More than half of the state’s eelgrass occurs around Jamestown, which experienced a 19 percent decrease in eelgrass acreage. Ninigret Pond was the only coastal pond not to have a decrease, and the Narrow River was the only site that experienced a significant increase (45 percent) since 2012. 
            “It’s difficult to know exactly what’s going on,” said Bradley, a URI research associate and lead author of the report. “The reasons can be varied. An increase in water temperature could have something to do with it. Pollution in the water or soil could have something to do with it. And severe storms like Hurricane Sandy could certainly affect it. We need more surveys, more data and more analyses to get a better handle on what is determining eelgrass changes.”
            Eelgrass beds can also be degraded by algal blooms or disease or be physically damaged by human activities like shallow-water boating, dredging, and construction of docks and other structures.
            Data for the report was collected by aerial surveys funded by the Rhode Island Coastal Resources Management Council.
            Bradley said that the decline in eelgrass is worrisome. “If you care about shellfish, if you like to have scallops, if you care about commercial or recreational fishing, then you should care about eelgrass,” he said. “The bottom line is that’s where the little critters go to hide to become big critters that can become commercially or recreationally available.”
            Anecdotal reports suggest that eelgrass was abundant throughout Narragansett Bay a century ago, but most of it was wiped out during the 1930s and 1940s due to a naturally-occurring disease. When the first aerial surveys of eelgrass were conducted in 1996 by Save the Bay and the Narragansett Bay Estuary Program, they found just 100 acres of eelgrass in the bay.
            “Those results spawned a big restoration effort,” Bradley said.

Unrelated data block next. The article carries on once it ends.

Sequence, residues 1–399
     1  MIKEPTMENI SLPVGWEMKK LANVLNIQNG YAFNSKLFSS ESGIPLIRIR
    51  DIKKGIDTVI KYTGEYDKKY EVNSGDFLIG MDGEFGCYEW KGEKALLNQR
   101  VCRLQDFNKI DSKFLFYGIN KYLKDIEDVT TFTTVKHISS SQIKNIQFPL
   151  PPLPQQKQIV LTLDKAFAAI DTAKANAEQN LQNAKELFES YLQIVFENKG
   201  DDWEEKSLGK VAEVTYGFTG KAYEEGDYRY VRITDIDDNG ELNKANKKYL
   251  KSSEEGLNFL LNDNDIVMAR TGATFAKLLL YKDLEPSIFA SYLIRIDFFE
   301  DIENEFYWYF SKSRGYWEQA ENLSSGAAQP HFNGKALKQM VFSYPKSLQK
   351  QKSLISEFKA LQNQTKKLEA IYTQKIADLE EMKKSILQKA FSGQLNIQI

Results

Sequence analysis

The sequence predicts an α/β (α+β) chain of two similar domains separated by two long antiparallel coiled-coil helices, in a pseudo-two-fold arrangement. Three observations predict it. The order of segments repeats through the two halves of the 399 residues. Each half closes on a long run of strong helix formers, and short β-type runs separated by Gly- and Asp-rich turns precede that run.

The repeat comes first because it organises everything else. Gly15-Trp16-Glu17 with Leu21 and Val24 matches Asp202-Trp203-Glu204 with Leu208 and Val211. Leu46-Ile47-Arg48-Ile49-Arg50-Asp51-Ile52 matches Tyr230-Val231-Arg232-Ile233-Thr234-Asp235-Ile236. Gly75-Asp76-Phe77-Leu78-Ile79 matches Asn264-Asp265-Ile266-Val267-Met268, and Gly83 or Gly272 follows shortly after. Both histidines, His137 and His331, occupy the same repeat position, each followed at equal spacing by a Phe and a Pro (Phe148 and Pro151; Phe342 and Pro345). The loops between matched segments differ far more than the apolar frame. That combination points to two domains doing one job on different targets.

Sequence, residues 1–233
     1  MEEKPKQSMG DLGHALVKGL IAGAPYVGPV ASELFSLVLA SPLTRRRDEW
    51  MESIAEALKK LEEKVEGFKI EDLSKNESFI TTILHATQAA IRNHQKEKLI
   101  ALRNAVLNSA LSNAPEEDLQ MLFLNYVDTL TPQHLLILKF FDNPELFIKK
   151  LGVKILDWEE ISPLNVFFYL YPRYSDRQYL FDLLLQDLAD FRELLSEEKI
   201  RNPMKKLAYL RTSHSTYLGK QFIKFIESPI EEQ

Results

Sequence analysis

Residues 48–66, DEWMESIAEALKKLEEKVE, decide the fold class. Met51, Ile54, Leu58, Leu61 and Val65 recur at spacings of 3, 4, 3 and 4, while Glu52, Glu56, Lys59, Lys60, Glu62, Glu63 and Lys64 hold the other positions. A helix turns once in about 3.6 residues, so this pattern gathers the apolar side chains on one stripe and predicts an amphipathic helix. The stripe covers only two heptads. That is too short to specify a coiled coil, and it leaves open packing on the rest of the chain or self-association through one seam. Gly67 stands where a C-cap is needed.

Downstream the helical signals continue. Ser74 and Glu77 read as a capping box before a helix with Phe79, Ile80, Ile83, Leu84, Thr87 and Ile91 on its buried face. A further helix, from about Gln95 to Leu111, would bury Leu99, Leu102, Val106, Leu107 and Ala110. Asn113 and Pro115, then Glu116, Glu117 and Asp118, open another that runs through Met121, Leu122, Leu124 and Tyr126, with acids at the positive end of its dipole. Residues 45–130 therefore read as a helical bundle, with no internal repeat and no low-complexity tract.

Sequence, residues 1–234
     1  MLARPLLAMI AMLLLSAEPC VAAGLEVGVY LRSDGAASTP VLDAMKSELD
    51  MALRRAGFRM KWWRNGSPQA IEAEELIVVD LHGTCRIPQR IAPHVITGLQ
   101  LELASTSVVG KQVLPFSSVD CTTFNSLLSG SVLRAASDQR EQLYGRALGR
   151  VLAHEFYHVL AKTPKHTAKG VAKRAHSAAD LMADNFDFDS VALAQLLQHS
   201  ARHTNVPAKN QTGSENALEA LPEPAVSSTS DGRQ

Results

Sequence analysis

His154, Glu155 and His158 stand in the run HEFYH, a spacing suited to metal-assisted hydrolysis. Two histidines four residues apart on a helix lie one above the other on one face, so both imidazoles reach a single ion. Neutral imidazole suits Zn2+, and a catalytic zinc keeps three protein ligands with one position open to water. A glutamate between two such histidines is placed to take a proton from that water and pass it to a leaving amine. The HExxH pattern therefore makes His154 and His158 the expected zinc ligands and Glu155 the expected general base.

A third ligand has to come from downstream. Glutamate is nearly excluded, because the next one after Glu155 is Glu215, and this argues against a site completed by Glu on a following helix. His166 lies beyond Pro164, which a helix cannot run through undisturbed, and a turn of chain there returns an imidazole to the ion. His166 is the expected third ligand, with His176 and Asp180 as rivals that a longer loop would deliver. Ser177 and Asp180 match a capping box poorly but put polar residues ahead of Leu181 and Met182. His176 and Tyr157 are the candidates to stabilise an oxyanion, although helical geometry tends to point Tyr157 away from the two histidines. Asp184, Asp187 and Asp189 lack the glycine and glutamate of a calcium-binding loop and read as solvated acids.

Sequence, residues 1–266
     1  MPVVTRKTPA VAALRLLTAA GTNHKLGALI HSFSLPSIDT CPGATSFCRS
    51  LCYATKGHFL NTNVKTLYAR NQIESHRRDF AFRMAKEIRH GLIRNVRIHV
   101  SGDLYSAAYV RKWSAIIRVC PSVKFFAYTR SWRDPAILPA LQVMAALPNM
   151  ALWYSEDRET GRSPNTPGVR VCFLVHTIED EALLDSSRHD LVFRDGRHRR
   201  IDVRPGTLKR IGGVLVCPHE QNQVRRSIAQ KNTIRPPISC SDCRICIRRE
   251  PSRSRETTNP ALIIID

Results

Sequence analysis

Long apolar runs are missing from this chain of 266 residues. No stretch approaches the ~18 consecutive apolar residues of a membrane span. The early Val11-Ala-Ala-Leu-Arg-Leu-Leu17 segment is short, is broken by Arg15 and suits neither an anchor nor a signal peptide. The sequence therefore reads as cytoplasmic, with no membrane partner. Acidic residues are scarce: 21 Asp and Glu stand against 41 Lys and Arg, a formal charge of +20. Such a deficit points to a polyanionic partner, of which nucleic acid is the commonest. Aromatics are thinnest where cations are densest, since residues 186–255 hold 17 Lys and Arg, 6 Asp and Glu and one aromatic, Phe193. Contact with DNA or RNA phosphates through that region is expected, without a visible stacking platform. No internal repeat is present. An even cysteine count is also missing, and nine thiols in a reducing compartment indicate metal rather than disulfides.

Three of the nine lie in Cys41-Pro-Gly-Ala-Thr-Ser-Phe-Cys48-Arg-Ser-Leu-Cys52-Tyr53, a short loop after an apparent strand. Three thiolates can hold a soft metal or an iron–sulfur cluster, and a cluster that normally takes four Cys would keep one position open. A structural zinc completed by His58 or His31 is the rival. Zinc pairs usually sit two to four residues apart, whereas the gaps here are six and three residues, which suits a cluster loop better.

When Bradley conducted his first aerial surveys of eelgrass in Narragansett Bay in 2006, he found that eelgrass acreage had tripled to about 300 acres.
            “What we learned, though, was that technology has come a long way,” he said. “The survey methods were very different from 1996, based on new technology, so we have to be very careful when we compare the results.”
            The results of a 2012 survey showed a further increase in eelgrass acreage before declining in 2016.
            This year, Bradley intends to conduct an accuracy assessment of the 2016 mapping using underwater video cameras and global positioning systems to determine how much error is associated with the aerial survey method. He will also test the use of drones for conducting future surveys.
            What can be done to ensure that eelgrass doesn’t continue to decline in the state? That’s another question without an easy answer.
            “Anything we can do to help clean the bay would be useful. But there are not enough pictures and not enough numbers to base confident policy and management decisions on yet,” Bradley said. 

Saturday, July 8, 2017

Recent right whale deaths have scientists worried

            The deaths of six North Atlantic right whales in the Gulf of St. Lawrence last month have raised alarms among whale biologists who fear for the future of one of the rarest whales on Earth.
            Robert Kenney, a marine mammal expert at the University of Rhode Island’s Graduate School of Oceanography, called the unexpected deaths “a major concern” because the population of right whales totals fewer than 500 animals and their numbers have been declining since 2011. The dead whales represent more than 1 percent of the population.
            While the deaths raise many questions, one of the first, according to Kenney, is what were they doing in the Gulf of St. Lawrence in the first place?
            “Right whales go to the same places to feed every year – the Great South Channel, the Bay of Fundy, the Nova Scotia shelf – feeding grounds they probably learned from their mothers in
North Atlantic right whale mother and calf (Center for Coastal Studies)
their first year of life,” said Kenney, who manages the sighting database for the North Atlantic Right Whale Consortium. “But recently they seem to be wandering farther afield. If there’s not enough food where they traditionally feed, they go to other places. That’s what we think is going on.”